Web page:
Modelling Learning of New Keyboard Layouts

In Proceedings of the ACM Conference on Human Factors in Computing Systems, CHI 2017.
How long does it take you to learn a new keyboard?
  • Going from novice to an expert with a completely new keyboard can take as long as 50 hours.
  • Even after two hours of learning a new layout, visual search has a major impact on typing performance.
  • Even a modest deviation from Qwerty to a more efficient keyboard layout decreses typing speed by 2-7 WPM.
What the Model Does
  • The model can serve as a tool for anticipating users’ learning experience when practitioners tackle design problems such as:
    • Comparison: Which of the given layout alternatives has the lowest learning costs?
    • Immediate cost: What is the impact of layout changes on visual search performance immediately after the change?
  • The model can assist designers and decision-makers by predicting
    • how changes in layouts influence relearning times;
    • that large changes in layouts are possible when some maximum acceptable relearning cost is assumed;
    • how to change one layout into another subtly.

Predicting how users learn new or changed interfaces is a long-standing objective in HCI research. This paper contributes to understanding of visual search and learning in text entry. With a goal of explaining variance in novices’ typing performance that is attributable to visual search, a model was designed to predict how users learn to locate keys on a keyboard: initially relying on visual short-term memory but then transitioning to recall-based search. This allows predicting search times and visual search patterns for completely and partially new layouts. The model complements models of motor performance and learning in text entry by predicting change in visual search patterns over time. Practitioners can use it for estimating how long it takes to reach the desired level of performance with a given layout.


All model code and data are open for anyone to use.

  • Model
    • Model binaries (Linux, Mac, Windows) for easily producing simulated learning results.
    • Model source code in Common Lisp for closer inspection and modification of the model.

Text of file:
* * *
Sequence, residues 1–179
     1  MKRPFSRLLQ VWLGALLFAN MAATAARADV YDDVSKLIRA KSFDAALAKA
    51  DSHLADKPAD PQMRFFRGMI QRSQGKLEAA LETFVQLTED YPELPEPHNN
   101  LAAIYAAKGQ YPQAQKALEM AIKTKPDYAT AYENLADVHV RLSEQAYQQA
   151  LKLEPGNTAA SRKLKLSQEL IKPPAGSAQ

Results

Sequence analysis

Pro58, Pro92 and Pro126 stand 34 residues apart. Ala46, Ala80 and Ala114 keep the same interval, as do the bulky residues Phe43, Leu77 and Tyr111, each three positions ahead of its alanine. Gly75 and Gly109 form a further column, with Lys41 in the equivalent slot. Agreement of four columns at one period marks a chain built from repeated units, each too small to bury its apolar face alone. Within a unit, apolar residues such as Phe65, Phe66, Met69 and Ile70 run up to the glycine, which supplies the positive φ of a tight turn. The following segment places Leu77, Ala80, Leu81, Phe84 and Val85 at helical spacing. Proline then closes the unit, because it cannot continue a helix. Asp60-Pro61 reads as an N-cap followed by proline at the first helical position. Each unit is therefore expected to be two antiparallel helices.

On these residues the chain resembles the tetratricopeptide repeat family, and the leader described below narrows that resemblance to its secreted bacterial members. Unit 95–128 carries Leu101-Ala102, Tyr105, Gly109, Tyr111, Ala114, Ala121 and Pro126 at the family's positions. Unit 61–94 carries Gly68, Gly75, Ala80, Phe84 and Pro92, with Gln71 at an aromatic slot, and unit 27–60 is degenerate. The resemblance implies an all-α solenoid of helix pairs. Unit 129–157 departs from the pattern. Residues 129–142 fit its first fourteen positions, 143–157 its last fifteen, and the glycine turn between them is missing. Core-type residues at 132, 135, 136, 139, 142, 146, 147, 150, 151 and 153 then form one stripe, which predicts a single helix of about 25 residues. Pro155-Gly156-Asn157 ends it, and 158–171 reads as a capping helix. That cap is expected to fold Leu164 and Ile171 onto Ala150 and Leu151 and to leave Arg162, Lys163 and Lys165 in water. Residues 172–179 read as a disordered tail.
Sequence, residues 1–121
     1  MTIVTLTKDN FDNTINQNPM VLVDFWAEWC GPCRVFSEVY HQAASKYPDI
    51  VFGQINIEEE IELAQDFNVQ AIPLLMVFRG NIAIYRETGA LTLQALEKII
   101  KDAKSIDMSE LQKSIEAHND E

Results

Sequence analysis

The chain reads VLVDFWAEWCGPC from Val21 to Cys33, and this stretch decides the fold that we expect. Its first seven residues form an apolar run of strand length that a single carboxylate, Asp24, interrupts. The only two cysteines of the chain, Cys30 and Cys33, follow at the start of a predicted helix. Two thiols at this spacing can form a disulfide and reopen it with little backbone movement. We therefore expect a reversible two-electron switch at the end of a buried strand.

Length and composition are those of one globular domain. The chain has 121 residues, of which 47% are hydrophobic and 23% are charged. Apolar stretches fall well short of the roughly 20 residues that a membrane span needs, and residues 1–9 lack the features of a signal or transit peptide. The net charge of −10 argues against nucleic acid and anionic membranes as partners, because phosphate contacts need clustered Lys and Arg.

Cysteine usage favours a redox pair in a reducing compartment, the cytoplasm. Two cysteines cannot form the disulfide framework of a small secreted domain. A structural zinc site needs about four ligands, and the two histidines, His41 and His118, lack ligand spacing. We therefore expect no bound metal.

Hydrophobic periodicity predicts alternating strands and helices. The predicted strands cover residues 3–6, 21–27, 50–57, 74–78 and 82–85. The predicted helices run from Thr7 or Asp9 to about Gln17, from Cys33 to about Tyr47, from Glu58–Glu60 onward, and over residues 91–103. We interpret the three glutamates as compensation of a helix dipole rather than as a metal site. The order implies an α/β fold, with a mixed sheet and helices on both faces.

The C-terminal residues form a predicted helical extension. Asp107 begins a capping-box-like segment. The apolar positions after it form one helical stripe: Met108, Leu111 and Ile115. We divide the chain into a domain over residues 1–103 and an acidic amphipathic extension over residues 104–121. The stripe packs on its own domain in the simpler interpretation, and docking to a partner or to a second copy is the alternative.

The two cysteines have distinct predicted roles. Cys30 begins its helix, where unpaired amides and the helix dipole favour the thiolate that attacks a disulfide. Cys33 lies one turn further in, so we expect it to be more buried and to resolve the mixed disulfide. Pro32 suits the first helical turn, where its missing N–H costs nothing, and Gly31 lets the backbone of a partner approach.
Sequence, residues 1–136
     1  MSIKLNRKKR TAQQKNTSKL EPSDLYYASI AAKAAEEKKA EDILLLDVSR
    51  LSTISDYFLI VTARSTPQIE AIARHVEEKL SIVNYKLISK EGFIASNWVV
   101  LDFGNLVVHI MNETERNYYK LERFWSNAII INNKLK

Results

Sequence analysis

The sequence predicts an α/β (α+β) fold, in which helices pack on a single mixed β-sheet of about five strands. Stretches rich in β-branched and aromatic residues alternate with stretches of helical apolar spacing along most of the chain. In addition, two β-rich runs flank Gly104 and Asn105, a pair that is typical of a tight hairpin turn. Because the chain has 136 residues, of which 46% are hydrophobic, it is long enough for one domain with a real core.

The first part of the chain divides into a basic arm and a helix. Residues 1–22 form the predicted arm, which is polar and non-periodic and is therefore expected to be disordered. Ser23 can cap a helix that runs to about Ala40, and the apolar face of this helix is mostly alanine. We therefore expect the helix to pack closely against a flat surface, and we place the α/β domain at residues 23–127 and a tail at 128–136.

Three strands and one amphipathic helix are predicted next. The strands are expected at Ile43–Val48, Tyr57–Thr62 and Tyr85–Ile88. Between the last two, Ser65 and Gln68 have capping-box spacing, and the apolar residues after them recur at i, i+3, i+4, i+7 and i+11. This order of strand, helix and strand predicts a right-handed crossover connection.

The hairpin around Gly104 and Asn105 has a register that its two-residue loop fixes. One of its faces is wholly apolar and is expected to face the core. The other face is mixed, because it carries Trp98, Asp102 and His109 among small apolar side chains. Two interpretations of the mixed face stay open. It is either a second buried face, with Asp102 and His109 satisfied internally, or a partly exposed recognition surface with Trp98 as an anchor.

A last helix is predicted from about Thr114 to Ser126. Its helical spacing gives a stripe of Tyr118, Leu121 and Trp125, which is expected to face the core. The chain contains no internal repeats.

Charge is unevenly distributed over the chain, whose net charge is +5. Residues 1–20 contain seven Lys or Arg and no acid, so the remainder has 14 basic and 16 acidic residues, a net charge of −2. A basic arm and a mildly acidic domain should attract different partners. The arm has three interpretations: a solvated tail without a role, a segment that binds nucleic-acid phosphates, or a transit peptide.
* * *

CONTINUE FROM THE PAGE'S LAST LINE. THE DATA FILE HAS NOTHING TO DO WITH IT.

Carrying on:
• Data from 33 participants, who trained with a new layout for 2.5 hours (visually searching for cued keys).
    • Reaction time data, describing how long it took to find cued keys.
    • Eye tracking data, describing fixations while searching for the keys.
    • Keypress data from a final-session typing task, where the participants typed on a smartphone with the layout that they learned.
The binaries are available for Linux, Mac, and Windows. Model code in common lisp is here. Please contact Jussi P.P. Jokinen to receive the data.

Press Releases
The paper was given a best paper award at the conference.

PDF, 0,7 MB
Jokinen, J. P. P., Sarcar, S., Oulasvirta, A., Silpasuwanchai, C., Wang, Z., & Ren, X. 2017. Modelling Learning of New Keyboard Layouts. In Proceedings of the 2017 CHI Conference on Human Factors in Computing Systems (CHI ’17).

author = {Jokinen, Jussi P P and Sarcar, Sayan and Oulasvirta, Antti and Silpasuwanchai, Chaklam and Wang, Zhenxin and Ren, Xiangshi},
booktitle = {Proceedings of the 2017 CHI Conference on Human Factors in Computing Systems (CHI '17)},
title = {{Modelling Learning of New Keyboard Layouts}},
year = {2017}
Frequently Asked Questions
Q: Does the model simulate learning only on keyboard layouts?
A: The model was designed to handle any 2d-layouts. However, currently it is best suited for grid layouts, where each element has the same shape, size, and colour.

Q: Can the model distinguish between keys of different colour, shape, or size?
A: Currently no. However, there is a prototype that can use top-down information, such as colour and shape, to guide vision, and thus learn certain layouts faster.

Q: How does the model compare to existing production-system models, such as ACT-R and EPIC?
A: The model shares many computational aspects with other cognitive models, but it is not designed to be as general as cognitive architectures, such as ACT-R and EPIC. For more information, see the paper.

For questions and further information, please contact:

Jussi P.P. Jokinen

jussi.jokinen (at)

+358 45 196 1429

This work has received funding from the joint JST–AoF project "User Interface Design for the Ageing Population" (AoF grant 291556) as an activity of FY2014 Strategic Inter- national Collaborative Research Program (SICORP), and from the European Research Council (ERC) under the European Union’s Horizon 2020 research and innovation programme (grant agreement 637991).